The challenge of contemporary decolonial activists is identifying these new and ever-changing reformulations and re-articulations of colonial power. Further, because colonial power exists and operates as an impersonal force through different sites and channels, as Nkrumah states, in the absence of a visible coloniser, it becomes more insidious, harder to identify and therefore harder resist. To render matters more complex, the former-colonial subjects no longer just live in distant territories but in the beating heart of empire.
Identification however, can be done by tracing the genealogy between the colonial and the so-called post-colonial period. Let’s take policing as an example. The links between colonial-era and post-colonial policing have been well rehearsed. In dispelling the myth of black criminality Paul Gilroy, makes the link between Sir Kenneth Newman as the former Commissioner of the Metropolitan police and as the uniformed officer in the British Mandate of Palestine Police Force and the Deputy Chief Constable of the Royal Ulster Constabulary in Northern Ireland. Gilroy also discusses how UK police officers routinely studied and practiced the manuals of militarised policing strategists that were deployed during The Troubles.
Anyone who reads about colonial policing as a practice, will understand that it is fundamentally about the making of docile, passive, subservient bodies. This had been the aim of modern policing since its establishment with the Metropolitan Police Act 1829- not to prevent crime but to manage and subvert working class dissent. The policing of educational spaces and the creation of students as docile, passive and subservient, and mareketised bodies is therefore a key struggle for contemporary decolonial activists. The Counter Terrorism and Security Act 2016 for example, has introduced fuzzy boundaries as to what students can and cannot say lest they be reported for showing signs of ‘radicalism’- while effectively making lectures, doctors, nurses, teachers, an arm of the security state.
Decolonial activists have also enabled us to see the links between the dehumanisation of black and brown bodies in classic imperial conquest and the creation of the ‘hostile environment’ and the dehumanisation of bodies through borderisation in schools, hospitals, housing and higher education, or in Yarlswood detention centre or Calais.
Contemporary decolonial activists have also enabled the critical engagement on how history is represented in the UK. Statues and memorials for example, are indicative of the important role that individuals have played or are thought to have played in the national (and therefore imagined) memory. But statues of Joseph Chamberlain or Winston Churchill or Cecil Rhodes in a public place are never just symbols or mere cultural artefacts. To quote the Rhodes Must Fall Campaign (RMFC):
‘statues and symbols matter; they are a means through which communities express their values. The normalised glorification of a man who for so many is a symbol of their historical oppression is a tacit admission of that.’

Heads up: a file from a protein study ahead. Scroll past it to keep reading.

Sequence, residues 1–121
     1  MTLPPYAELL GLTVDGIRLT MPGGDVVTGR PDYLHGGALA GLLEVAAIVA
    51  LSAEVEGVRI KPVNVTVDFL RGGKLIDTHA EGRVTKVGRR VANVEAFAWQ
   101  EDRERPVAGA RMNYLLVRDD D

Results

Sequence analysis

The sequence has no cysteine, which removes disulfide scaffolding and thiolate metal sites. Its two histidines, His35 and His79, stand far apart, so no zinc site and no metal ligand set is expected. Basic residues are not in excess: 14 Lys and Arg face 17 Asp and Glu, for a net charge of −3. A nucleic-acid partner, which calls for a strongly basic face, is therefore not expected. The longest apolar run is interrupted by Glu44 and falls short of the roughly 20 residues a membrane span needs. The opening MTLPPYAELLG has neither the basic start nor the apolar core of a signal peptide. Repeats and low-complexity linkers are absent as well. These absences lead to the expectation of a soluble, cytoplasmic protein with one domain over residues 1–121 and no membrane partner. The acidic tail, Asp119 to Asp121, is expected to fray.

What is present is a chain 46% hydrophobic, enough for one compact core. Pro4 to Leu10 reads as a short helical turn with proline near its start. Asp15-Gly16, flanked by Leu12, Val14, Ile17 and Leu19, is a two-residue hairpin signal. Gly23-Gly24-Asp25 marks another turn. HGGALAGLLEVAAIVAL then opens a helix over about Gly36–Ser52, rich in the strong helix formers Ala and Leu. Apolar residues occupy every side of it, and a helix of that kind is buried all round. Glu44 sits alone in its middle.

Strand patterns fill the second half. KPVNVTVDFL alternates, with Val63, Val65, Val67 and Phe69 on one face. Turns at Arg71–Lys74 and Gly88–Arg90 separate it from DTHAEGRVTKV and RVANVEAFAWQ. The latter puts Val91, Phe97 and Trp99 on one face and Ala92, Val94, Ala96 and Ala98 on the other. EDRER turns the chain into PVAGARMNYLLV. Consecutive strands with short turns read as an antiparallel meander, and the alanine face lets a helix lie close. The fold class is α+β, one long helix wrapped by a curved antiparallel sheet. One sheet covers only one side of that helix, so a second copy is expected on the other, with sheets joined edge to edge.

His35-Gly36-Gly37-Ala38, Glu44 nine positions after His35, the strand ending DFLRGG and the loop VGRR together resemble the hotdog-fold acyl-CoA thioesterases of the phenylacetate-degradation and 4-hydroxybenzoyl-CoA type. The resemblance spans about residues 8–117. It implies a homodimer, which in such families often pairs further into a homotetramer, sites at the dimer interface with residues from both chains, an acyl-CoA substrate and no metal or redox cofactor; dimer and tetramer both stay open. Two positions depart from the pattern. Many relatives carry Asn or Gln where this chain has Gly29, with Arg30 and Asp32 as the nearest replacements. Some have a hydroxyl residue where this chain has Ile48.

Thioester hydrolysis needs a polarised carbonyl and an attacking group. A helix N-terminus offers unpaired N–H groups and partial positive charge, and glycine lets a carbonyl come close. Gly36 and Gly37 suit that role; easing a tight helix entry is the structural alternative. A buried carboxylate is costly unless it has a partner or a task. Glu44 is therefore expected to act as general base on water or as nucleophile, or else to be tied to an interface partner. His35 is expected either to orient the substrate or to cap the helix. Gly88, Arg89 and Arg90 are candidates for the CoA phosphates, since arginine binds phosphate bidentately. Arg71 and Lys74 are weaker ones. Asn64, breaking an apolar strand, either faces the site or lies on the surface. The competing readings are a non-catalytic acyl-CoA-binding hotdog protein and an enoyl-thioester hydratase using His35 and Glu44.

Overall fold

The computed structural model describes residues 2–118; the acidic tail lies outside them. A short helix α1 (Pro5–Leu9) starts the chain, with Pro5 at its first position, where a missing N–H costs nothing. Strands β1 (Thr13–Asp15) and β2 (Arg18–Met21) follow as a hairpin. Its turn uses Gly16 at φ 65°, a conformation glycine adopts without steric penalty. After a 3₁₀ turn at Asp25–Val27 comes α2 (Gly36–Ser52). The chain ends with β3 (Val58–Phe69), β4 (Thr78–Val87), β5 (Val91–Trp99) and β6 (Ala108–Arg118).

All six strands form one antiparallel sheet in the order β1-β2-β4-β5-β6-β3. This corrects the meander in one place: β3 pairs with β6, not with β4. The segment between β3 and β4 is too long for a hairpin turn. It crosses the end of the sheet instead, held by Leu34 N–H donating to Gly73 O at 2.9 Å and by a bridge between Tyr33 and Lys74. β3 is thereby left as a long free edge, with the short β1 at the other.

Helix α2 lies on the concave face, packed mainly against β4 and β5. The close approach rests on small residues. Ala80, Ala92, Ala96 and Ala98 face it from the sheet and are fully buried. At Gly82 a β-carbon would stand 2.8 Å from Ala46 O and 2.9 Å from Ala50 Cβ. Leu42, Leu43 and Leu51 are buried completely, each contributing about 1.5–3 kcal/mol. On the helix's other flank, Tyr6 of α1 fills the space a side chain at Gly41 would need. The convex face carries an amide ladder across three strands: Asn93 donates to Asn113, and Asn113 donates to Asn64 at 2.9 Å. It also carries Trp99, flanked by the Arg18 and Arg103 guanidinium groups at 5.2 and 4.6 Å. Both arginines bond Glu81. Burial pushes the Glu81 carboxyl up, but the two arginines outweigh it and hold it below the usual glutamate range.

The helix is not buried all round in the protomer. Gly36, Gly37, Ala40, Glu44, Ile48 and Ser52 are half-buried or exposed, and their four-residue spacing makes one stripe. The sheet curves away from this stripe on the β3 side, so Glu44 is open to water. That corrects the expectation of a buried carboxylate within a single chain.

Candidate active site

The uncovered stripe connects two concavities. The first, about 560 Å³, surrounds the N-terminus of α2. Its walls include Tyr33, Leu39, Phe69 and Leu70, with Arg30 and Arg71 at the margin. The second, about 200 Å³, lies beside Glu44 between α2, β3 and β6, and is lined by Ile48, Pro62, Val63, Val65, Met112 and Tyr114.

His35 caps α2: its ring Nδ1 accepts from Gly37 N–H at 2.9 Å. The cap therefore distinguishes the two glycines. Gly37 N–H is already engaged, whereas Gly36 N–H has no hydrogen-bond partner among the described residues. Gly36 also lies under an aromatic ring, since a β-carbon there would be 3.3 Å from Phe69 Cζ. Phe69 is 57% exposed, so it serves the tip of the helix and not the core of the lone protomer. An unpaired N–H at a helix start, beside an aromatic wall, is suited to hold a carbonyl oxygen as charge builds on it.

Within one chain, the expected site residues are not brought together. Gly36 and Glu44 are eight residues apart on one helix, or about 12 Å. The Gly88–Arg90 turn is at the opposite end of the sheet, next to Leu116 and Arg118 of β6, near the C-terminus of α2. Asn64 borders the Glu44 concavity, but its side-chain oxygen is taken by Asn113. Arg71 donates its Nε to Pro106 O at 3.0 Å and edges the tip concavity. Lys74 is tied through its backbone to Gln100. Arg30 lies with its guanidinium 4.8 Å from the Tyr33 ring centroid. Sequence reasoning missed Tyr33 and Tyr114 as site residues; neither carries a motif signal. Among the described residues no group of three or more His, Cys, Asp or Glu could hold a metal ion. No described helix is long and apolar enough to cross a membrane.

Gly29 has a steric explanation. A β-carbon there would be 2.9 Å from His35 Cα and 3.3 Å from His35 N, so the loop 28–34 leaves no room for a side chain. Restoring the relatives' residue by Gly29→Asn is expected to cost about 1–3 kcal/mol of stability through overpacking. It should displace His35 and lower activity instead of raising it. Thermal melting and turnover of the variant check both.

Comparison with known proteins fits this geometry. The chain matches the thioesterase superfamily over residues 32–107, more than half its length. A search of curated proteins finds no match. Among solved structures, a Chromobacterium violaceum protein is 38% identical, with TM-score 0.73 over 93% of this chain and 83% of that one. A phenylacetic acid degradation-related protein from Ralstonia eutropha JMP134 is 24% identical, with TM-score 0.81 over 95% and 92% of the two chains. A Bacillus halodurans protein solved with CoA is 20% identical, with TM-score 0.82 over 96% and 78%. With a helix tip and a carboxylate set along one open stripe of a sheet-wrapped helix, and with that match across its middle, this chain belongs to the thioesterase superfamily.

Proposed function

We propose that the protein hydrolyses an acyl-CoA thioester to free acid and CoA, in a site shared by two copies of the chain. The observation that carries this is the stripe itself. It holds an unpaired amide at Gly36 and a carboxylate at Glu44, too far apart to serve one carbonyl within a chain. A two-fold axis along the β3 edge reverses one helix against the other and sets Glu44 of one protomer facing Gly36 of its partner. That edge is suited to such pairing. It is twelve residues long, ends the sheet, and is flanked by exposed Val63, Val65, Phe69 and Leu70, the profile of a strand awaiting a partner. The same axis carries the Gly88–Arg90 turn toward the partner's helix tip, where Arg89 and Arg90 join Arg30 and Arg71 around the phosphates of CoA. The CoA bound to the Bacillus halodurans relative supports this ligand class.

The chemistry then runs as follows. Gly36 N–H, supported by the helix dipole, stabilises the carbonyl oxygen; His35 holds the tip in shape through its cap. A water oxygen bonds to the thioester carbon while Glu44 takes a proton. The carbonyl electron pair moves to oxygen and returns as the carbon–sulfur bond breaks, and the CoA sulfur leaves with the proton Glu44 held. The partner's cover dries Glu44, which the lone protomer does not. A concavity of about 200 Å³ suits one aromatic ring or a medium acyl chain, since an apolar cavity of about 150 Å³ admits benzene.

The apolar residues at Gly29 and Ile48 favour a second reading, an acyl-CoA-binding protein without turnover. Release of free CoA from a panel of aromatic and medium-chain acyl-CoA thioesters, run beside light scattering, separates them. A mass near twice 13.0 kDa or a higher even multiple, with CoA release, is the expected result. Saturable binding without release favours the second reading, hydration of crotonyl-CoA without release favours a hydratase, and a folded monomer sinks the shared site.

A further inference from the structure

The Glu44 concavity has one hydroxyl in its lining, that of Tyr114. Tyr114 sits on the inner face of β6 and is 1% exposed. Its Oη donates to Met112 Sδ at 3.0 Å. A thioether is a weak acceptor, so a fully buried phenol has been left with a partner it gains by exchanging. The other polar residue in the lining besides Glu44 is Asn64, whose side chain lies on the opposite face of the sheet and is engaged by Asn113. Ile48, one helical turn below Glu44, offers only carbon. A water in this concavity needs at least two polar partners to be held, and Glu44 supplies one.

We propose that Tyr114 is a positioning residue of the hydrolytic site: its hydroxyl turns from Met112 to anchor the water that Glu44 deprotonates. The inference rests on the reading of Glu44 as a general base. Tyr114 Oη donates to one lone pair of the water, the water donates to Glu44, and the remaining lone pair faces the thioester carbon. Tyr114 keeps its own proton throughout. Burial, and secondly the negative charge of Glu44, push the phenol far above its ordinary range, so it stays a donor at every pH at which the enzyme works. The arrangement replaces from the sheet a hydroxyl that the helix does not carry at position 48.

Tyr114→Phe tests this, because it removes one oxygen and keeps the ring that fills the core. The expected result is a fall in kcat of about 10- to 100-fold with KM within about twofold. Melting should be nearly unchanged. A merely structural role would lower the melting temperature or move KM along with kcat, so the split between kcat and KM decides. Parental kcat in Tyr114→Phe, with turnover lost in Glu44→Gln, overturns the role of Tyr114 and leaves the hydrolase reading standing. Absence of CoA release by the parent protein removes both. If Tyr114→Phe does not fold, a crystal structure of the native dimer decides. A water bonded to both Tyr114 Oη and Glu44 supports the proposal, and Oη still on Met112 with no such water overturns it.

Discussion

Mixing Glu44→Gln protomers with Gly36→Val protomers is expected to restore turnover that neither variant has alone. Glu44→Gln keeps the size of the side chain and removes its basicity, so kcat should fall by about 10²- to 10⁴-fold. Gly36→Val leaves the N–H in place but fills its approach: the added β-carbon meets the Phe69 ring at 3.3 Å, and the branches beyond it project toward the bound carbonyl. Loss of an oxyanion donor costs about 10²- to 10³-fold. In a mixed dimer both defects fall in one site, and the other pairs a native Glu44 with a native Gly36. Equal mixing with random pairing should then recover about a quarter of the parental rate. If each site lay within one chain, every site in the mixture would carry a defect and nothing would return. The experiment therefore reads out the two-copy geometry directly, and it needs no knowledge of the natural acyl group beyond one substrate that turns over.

Statues therefore are not neutral representations of history but normative declarations. The RMFC challenged aesthetic judgments as neutral displays that transcend politics, but as products of how power is arranged and organised in society. It forced a difficult but important conversation about the politics of public statues, the entrenchment and complicity of British universities in imperialism, and, perhaps more importantly, the whitewashing of such. These are just a few examples of these continuities.
Given the sometimes mute and insidious renderings of what Nkrumah calls neo-colonialism, contemporary decolonial activism has to do two things.
Firstly, it has to explain what is meant by a colonial power a) in the absence of a visible coloniser and b) that which has taken place after the end of a particular expression of imperial power. How do contemporary decolonisation activists explain the pervasiveness of the colonial relationship in contemporary structures- from education, to the criminal justice system, to our immigration policy?
Secondly, it must tie decolonisation, at least in part, to a materialist analysis. The impulse for colonialism and imperial power wasn’t just about cultural hegemony but about accumulating capital, exploiting others’ resources, and creating new markets. The limits of 40s’/50s decolonisation largely maintained the same global structures of exploitation of labour. As Marx said, albeit did not pursue much in his later work (though this was the point from which Fanon picked up) ‘labour in the white skin cannot emancipate itself until labour in black skin is free’.
For Macron, and many others, they suffer from what can be considered a post-colonial antinomy, in which they forget imperialism happened by imagining ‘new futures’, all the while benefitting from imperialism’s legacies and structural continuities that are often embedded in those very ‘futures’.
Tanzil Chowdhury is a Lecturer in Public Law, QMUL (@tchowdhury88) and a co-founder of the Northern Police Monitoring Project.
[i] Ignoring self-determination of the settler colonies in the Americas, and the disintergration of the Ottoman Empire.
[ii] This is separate from the work the UN’s Fourth Committee does on a range of issues including relief work for Palestinian refugees and Israeli Practices. < http://www.un.org/en/ga/fourth/>